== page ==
Trends in Venture Financing – Q105 Data

The law firm Fenwick & West compiles every quarter the financing terms received by Bay Area technology companies. I just found out that this report I used to receive by email from Bill Schreiber (a corporate partner I have been working with for a few years) was available on the web.
This is a very useful indicator as to the evolution of typical terms recently offered by VCs. Key terms of a venture financing are: average round size, pre-money, type of liquidation preference (seniority, multiple, participating,…), dividends, provisions, etc. For a clear definition of all these terms, I recommend checking Brad Feld’s excellent series on financing terms, or the short version from Fenwick. Whilst the report does not give absolute terms (what is the typical pre-money for a Series A), it tells you about price evolutions over the past few quarters.

What were the key trends in Q1’05 ?

  • The quarter showed an increase in the number of uprounds (new financing done at a higher valuation than the previous one) vs. downrounds, and an increase in valuations.
  • The investment activity continued to trended towards series A and B, i.e earlier stages of innovation, which is good news.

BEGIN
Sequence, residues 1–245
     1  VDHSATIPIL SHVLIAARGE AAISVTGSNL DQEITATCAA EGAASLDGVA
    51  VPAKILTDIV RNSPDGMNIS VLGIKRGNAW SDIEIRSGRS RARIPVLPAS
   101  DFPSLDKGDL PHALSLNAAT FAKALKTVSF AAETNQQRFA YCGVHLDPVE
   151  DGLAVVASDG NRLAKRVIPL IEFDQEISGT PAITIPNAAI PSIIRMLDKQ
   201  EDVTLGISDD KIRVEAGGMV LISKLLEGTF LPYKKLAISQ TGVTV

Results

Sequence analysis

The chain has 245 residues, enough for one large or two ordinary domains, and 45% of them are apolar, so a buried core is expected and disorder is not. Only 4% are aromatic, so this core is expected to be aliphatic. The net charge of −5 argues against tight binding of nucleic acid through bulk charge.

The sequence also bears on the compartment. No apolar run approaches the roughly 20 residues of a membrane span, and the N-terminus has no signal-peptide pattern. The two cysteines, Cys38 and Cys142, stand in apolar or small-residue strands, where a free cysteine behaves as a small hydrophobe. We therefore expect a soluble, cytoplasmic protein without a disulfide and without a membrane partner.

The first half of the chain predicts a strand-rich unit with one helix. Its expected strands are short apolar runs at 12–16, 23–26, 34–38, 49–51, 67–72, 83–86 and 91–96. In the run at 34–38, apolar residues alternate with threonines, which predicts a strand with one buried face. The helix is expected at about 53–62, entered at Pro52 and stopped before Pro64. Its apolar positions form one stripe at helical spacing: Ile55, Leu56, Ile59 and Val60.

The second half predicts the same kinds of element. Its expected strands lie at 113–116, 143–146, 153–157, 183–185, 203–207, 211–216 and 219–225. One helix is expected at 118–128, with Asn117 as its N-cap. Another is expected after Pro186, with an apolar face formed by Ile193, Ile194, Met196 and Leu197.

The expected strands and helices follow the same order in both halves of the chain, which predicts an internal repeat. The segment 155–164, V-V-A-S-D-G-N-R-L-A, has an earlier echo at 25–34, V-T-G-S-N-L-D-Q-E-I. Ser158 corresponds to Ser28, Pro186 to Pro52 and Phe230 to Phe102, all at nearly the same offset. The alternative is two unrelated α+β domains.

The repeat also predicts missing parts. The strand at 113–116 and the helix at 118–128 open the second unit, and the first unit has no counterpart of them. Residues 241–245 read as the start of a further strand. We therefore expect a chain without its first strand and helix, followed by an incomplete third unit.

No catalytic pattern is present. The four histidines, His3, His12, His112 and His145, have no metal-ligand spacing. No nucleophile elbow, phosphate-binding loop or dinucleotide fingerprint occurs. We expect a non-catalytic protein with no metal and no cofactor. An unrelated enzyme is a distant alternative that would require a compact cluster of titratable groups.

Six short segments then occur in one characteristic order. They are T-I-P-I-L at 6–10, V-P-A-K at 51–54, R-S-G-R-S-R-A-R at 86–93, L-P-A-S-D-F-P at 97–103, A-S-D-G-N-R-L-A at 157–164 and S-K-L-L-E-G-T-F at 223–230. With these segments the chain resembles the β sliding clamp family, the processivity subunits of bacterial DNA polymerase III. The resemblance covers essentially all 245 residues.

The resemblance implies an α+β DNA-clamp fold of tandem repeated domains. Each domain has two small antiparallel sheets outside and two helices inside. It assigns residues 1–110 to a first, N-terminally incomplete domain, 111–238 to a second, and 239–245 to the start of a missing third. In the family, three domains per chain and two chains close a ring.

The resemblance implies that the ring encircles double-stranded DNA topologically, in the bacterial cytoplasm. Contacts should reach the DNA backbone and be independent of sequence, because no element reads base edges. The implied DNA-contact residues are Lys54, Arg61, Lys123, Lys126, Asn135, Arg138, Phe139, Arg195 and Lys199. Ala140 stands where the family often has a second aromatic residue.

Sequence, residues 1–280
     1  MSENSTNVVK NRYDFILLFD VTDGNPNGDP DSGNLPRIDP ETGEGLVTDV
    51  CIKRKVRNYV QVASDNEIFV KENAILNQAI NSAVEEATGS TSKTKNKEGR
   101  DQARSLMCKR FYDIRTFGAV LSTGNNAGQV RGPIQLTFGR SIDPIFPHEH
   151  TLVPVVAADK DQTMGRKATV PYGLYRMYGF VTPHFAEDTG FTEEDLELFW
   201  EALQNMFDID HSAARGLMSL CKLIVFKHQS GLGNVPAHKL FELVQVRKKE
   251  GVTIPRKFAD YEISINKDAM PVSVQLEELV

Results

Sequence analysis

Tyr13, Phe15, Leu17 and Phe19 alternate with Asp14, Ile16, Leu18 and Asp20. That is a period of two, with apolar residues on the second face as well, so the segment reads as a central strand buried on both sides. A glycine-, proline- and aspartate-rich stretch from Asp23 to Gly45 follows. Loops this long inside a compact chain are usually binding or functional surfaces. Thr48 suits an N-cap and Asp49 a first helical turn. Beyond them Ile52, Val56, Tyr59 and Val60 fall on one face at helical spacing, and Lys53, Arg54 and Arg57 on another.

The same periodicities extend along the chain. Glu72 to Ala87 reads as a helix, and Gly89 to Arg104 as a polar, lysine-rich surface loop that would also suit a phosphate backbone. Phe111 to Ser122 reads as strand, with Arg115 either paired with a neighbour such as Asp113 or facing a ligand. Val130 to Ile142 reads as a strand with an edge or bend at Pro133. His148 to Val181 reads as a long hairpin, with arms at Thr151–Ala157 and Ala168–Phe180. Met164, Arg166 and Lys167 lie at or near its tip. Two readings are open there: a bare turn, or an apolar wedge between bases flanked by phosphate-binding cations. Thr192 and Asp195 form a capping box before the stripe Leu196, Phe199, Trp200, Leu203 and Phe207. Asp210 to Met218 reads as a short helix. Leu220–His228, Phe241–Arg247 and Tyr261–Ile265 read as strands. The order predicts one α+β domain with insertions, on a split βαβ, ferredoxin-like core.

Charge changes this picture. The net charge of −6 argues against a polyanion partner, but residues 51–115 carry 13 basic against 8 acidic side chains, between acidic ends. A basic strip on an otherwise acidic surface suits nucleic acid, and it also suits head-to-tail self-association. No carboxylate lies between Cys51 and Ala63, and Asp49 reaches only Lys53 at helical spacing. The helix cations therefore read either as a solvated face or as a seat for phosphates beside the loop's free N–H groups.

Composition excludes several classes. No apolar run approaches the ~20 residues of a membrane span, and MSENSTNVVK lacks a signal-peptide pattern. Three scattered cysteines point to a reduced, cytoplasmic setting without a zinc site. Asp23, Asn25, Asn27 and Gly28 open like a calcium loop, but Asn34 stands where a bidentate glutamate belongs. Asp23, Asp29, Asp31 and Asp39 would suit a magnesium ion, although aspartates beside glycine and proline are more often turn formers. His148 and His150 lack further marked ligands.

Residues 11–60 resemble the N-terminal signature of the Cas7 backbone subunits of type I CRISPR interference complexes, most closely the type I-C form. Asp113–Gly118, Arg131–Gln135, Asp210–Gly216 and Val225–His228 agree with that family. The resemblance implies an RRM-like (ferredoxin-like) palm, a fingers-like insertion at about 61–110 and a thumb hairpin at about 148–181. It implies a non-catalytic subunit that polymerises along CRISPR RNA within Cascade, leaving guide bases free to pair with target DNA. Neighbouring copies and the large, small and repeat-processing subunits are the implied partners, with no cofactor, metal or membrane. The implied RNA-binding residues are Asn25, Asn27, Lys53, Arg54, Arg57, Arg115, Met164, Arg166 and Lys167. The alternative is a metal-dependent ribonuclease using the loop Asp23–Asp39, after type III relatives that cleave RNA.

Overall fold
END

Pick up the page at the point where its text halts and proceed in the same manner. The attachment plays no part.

• Non valuation terms continued to improve (e.g. preferred shares received by VCs have a 1X liquidation participation with capped participation).
  • At the same time, the IPO market for new offering has all but dried up, making M&As the only real exit route – with an notable increase in number of transactions and amounts.
  • VCs invested in less companies, and a lesser aggregated amount than in Q4’04, which I would analyze as a sustained activity that is not getting in "overdrive" mode.

Obviously, this is an aggregated view across all sectors (semi-conductors, software, services, enterprise and consumer, etc.), and finer grain information will often be required. But it is an interesting (free) aggregate.

You can register for next quarter’s report here (for the Silicon Valley version, or the Israeli one).

A good complement of this report is the MoneyTree Survey.

Feel free to post questions/clarifications through comments.